So What is Bitcoin?
So What is Bitcoin?
| CBT Nuggets - Matt Nickerson

So What is Bitcoin?

[Hi everyone. I’m Matt. In addition to being one of the newer members of the CBT Nuggets team, I am also one of the most enthusiastic adopters of Bitcoin. This will be the first post in a series detailing my foray into the crypto-currency realm, sharing all the information and insight I can muster, and hopefully learning the hard way so that you don’t have to.]

As you know, the hot new craze sweeping CBT Nuggets HQ these days is the digital peer-to-peer currency, Bitcoin. And unlike Furbys, pogs, and snap bracelets, we think that this one has some legs.

For those of you who are unfamiliar, bitcoins are units of currency that are generated, transmitted, and stored digitally.

As a concept you will find that bitcoin is one part gold, one part PayPal, and one part dollar, combining the strengths of all of these things while eliminating some of the drawbacks of each. Based on open source software of the same name, Bitcoin allows for completely secure transactions and monetary supply carried out by a networked collective, with no central authority.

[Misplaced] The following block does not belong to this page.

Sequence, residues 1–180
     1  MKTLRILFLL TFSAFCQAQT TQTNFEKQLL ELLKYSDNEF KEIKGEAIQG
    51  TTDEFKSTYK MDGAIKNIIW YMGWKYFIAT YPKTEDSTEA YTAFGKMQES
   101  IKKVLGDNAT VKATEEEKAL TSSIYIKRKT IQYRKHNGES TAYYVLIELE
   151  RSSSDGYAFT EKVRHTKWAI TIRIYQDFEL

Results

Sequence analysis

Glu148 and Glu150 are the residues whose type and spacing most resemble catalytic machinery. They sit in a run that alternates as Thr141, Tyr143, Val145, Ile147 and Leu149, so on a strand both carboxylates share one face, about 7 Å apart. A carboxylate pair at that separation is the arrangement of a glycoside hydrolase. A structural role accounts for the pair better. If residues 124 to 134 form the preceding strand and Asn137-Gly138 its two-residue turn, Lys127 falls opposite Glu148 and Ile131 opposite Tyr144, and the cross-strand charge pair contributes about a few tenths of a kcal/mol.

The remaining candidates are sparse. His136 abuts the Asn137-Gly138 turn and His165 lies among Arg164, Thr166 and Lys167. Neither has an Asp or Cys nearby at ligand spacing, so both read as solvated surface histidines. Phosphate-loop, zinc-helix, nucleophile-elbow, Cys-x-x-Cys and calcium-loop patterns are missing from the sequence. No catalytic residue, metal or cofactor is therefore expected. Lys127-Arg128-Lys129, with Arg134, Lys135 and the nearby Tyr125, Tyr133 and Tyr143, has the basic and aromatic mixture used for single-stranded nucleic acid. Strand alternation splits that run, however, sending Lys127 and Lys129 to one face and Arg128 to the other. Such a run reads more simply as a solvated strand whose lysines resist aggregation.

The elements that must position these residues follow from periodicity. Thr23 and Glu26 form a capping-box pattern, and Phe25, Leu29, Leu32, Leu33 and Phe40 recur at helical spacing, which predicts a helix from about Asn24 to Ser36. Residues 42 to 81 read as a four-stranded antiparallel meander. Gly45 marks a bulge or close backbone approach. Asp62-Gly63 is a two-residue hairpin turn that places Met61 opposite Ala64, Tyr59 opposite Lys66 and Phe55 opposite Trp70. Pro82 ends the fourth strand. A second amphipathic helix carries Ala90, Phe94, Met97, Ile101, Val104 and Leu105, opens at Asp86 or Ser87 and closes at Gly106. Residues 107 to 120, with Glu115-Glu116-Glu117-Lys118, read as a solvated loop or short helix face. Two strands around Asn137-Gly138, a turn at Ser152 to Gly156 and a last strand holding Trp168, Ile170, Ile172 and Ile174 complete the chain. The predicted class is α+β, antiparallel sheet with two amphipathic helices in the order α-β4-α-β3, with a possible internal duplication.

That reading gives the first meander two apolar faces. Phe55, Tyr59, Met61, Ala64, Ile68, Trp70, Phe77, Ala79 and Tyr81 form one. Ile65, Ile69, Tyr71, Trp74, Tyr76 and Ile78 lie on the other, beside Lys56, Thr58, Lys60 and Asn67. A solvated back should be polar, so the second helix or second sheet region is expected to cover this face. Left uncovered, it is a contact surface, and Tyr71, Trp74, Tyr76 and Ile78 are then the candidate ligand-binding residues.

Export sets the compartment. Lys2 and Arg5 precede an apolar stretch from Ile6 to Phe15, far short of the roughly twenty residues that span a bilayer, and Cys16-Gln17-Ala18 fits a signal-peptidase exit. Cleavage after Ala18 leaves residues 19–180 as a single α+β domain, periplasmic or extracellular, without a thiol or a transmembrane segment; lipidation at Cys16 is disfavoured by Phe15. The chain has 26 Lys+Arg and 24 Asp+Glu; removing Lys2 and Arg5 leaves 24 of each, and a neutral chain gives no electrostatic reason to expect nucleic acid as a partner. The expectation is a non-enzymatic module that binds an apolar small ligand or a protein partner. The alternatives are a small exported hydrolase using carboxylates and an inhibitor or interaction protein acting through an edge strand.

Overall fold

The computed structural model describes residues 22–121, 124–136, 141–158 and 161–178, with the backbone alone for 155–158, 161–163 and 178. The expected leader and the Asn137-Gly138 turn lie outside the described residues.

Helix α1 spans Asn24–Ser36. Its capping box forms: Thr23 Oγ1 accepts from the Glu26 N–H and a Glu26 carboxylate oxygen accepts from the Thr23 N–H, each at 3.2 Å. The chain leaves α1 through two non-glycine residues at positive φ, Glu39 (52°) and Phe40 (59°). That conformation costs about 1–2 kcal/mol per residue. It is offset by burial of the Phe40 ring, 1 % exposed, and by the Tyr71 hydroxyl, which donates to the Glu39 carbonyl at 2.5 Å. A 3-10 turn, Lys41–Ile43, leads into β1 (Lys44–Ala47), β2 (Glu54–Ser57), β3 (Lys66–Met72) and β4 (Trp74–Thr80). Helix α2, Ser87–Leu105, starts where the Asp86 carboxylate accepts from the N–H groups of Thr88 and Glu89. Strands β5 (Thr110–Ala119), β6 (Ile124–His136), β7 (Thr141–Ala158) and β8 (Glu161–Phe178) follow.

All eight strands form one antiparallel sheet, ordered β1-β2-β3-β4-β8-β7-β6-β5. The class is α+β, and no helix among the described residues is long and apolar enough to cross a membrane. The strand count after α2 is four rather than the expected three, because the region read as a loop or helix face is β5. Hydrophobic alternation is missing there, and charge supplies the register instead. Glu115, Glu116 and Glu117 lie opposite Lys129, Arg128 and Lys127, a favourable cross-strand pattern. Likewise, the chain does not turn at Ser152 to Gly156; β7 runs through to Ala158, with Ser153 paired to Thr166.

Public-key cryptography, proof-of-work processing, and universally shared record-keeping makes double spending or “counterfeiting” a virtual impossibility. Users get a fast, convenient, anonymous and above all safe way to send and receive funds, while it allows merchants to avoid charge fraud, pay reduced fees, and accept payment from anywhere on the planet.

For this post, let’s just focus on clarifying some things:

Bitcoin (capital “B”) = the concept, protocol, and network of users that make up the peer-to-peer currency

bitcoin (lower-case “b”) = the unit of currency itself (i.e. “I have 15 bitcoins”), often abbreviated by the 3-letter currency code “BTC

This ‘crypto-currency’ was born in 2009 when the original software was released by the anonymous coder working under the pseudonym of “Satoshi Nakamoto.” In his honor, the smallest divisible unit of a bitcoin is called a “Satoshi.”

The goal of Bitcoin was to provide fast, low-cost, universally available method of sending and receiving money, where the transfer and creation of currency was not subject to any central authority.

In my next post: Where do bitcoins come from? How can I get some?

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